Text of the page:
Poke, the Hawaiian dish made with diced, marinated tuna or other seafood, was a rarity in Denver even just two or three years ago. Back in those dark, poke-less days, the seafood dish was only available at a few Hawaiian joints in town, like Iwayama Sushi, and as occasional appetizers at seafood giants like Jax Fish House. But recently, poke has spread to more traditional sushi bars, as well as restaurants that aren't necessarily fish houses or Pacific Rim specialists. You'll find it at Mister Tuna, where poke seems an obvious choice, as well as places like Public School 303 or the Yard House, where soy-marinated tuna swims alongside more traditional pub fare.
While culinary trends tend to take over menus in waves, poke is now hitting Denver with tsunami force, with entire eateries dedicated to the dish opening up in shopping centers and neighborhoods around town. Ohana Island Kitchen started as a walk-up joint serving Hawaiian specialties out the side door of the Truffle Table before moving across the intersection to 2563 15th Street last fall. Of Ohana's half-dozen entrees, three are poke-based, ensuring that the popular little joint sells plenty of tuna, thus keeping supplies fresh.
Also debuting last year was PokeCity, which popped up in the Denver Tech Center at 8101 East Belleview Avenue; it offers six seafood proteins that can be matched with a number of sauces and condiments over rice or a salad base. And on the Auraria campus, S'Ono Grinds turns out ten different styles of poke, from traditional Hawaiian to kimchi to taco-style. Other players in the poke game include Motomaki (with locations in Boulder and on West Colfax Avenue) and Komotodo in Writer Square, which offers poke as both a seaweed-wrapped "burrito" and as a more traditional bowl.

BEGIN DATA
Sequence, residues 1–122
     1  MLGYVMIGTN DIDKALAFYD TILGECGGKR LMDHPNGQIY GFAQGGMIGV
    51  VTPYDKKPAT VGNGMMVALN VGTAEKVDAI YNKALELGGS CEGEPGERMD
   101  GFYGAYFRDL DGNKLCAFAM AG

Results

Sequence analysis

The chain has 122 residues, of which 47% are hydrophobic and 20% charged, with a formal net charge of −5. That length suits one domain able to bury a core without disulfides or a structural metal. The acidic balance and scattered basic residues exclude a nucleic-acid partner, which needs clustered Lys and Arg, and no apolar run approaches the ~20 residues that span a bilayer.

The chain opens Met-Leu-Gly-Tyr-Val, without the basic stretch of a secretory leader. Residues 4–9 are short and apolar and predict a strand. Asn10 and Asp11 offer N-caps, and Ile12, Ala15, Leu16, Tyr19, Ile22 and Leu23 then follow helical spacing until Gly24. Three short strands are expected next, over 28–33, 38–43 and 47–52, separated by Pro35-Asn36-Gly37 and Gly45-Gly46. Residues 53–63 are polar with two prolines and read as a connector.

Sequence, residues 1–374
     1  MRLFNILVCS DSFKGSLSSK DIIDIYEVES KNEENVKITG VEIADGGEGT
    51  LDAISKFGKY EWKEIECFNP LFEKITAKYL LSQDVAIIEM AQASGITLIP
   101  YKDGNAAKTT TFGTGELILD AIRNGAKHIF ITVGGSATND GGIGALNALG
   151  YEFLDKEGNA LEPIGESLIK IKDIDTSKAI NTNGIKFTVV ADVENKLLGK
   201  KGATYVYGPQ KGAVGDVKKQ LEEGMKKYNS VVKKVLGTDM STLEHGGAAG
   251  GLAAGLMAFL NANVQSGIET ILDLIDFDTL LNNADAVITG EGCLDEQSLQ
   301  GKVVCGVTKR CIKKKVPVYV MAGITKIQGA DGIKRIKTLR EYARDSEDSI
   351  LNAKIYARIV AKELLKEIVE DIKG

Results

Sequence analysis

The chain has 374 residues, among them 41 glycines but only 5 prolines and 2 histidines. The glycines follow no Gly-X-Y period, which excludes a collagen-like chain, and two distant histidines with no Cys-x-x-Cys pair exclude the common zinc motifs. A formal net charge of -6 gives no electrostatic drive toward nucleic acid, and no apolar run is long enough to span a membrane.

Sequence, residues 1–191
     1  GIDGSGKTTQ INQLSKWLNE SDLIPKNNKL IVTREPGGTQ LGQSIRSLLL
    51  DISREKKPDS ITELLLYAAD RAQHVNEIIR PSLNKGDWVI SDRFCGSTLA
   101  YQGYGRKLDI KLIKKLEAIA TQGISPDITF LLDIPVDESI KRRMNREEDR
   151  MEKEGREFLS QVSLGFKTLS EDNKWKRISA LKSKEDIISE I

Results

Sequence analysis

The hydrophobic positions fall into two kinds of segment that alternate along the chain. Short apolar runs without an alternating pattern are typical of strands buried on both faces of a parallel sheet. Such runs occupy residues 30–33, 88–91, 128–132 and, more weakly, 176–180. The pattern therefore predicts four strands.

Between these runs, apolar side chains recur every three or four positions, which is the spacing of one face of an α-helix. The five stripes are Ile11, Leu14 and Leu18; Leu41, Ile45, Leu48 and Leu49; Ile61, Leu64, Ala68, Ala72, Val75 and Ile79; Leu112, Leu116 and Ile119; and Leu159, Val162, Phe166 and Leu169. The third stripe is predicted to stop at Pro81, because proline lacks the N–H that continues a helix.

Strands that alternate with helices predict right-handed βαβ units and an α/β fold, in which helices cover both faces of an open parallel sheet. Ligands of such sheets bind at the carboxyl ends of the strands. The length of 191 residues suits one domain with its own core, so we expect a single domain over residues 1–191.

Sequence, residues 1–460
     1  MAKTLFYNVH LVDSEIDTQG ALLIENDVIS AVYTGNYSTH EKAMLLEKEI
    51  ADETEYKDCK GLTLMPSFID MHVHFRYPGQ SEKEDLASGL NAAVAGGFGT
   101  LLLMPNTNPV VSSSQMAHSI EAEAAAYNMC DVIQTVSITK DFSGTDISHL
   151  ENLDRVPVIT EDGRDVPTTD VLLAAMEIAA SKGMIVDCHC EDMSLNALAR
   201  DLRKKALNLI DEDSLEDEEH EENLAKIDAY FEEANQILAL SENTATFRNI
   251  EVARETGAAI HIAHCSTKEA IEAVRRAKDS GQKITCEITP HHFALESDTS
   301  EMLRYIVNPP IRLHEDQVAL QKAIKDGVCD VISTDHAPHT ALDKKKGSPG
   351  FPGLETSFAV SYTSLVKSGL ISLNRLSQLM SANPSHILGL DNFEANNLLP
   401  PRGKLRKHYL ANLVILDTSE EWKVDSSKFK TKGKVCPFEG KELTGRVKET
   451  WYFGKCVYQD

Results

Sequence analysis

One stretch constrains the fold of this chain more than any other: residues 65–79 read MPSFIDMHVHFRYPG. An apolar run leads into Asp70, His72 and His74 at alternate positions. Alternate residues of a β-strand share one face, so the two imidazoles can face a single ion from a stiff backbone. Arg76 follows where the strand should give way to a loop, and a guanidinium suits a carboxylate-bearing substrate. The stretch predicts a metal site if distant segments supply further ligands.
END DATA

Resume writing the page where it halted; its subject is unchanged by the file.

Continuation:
If that's not enough, the Governor's Park neighborhood is about to be bowled over by Sushi Cup, which will take over the tiny slot at 208 East Seventh Avenue vacated by Flow Juice Bar. Sushi Cup's model will be similar to that of PokeCity, allowing customers to build bowls based on several options, beginning with a base of white, brown or purple rice or salad mix, then adding one of seven proteins (including tuna, salmon, eel, tofu or even Spam), along with sauces and toppings. Sushi Cup will also offer sushi rolls and nigiri. While the simplest versions of poke are little more than diced fish dressed in soy and sesame oil, Sushi Cup's bowls will venture far beyond that.
Watch for it to open this spring.
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